The Turner Prize: What Does Academic Collaboration Mean?

“Coming together is a beginning; keeping together is progress; working together is success.” – Henry Ford

That powerful quote was used by Karen Sweeney (’80 AE) to close out the 2014 Henry C. Turner Prize for Innovation in Construction event on Wednesday, December 3, 2014 at the National Building Museum in Washington, D.C.

Sweeney, Senior Vice President: Diversity, Inclusion and Community at Turner Construction, served as moderator of the panel discussion after the Penn State Department of Architectural Engineering was recognized for bringing together students, educators, researchers, government entities, and industry to build efficiencies in the building industry and encourage energy-efficient building solutions.

The award committee specifically cited architectural engineering’s GridSTAR Center efforts at the Navy Yard in Philadelphia as one of the reasons for honoring Penn State with this year’s prize.

“We were missing a real practical practice in engineering so the Philadelphia Industrial Development Corporation went to Penn State to collaborate on the Navy Yard development,” explained John Grady, Turner Prize panelist and president, Philadelphia Industrial Development Corporation. “Penn State warmed to the challenge quickly, especially the College of Engineering and especially the Department of Architectural Engineering. They knew how to be a difference maker. They were entrepreneurial and recognized that coming into Philadelphia meant bringing something new to the relationship.”

Panelist Ted Lynch (’92 AE, ’96 PhD), president, Southland Industries, agreed that Penn State is willing to adapt to the needs of its partners. “Penn State architectural engineering is responsive to the needs of the design/build industry,” he said.

One area of opportunity, Lynch said, is for industry and higher education to collaborate in the research areas that would help address the many issues and challenges facing the industry.

“The traditional university system isn’t set up to encourage collaboration, or at least not without too much bureaucracy,” Grady said.

“We have the freedom to establish programs like GridSTAR and engage students who are interested in these programs,” said Chimay Anumba, department head, Penn State Department of Architectural Engineering.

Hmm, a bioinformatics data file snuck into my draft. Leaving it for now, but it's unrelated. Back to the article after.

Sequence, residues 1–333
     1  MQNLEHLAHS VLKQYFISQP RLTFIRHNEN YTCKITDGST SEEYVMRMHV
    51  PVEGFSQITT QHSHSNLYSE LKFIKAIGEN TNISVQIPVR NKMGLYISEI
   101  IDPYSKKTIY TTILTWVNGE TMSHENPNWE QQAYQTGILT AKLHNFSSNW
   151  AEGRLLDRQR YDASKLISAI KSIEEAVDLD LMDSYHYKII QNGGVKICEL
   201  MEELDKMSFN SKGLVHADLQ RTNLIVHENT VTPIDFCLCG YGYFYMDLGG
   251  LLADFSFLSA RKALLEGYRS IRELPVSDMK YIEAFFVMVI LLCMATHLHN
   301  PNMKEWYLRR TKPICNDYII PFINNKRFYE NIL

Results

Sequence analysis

Another panelist and former under-secretary at the United States Department of Education, Martha Kanter, said that other universities should look at Penn State architectural engineering’s track record of preparing students for success and scale it to help solve the nationwide issue of students being underprepared for the work force.

“The nation needs graduates with imagination; students with cross- and multi-disciplinary approaches to problem solving,” Grady said. “Universities have the opportunity to bring all this together in order to train future leaders.”


Turner 1

The presentation of the Turner Prize (l. to r.): Chase Rynd, executive director, National Building Museum; Chimay Anumba, department head, Penn State Department of Architectural Engineering; David Riley, professor of architectural engineering and director of the GridSTAR Center; Anthony Atchley, senior associate dean, Penn State College of Engineering; Peter J. Davoren, president and chief executive officer, Turner Construction.

Turner 2

Karen Sweeney, left, moderates a conversation on innovation, education, and collaboration as driving forces in economic development and a 21st-century workforce. Panelists (L-R): Chimay Anumba, John Grady, Martha Kanter, and Ted Lynch.



Read More

Frame Changers: Khanjan Mehta’s cartoon series reflects on a decade of social innovation in Africa

In September 2004, Khanjan Mehta, director of the Humanitarian Engineering and Social Entrepreneurship (HESE) program, advised a student team designing a low-cost windmill for a rural community in Western Kenya. Little did he know it would be his first of dozens of trips to developing countries to build technology-based ventures that improve human lives. On the tenth anniversary of his engagement with Africa, Mehta has created and launched Frame Changers, a daily cartoon through which he shares lessons learned in the broad areas of sustainable development, humanitarian engineering and social entrepreneurship.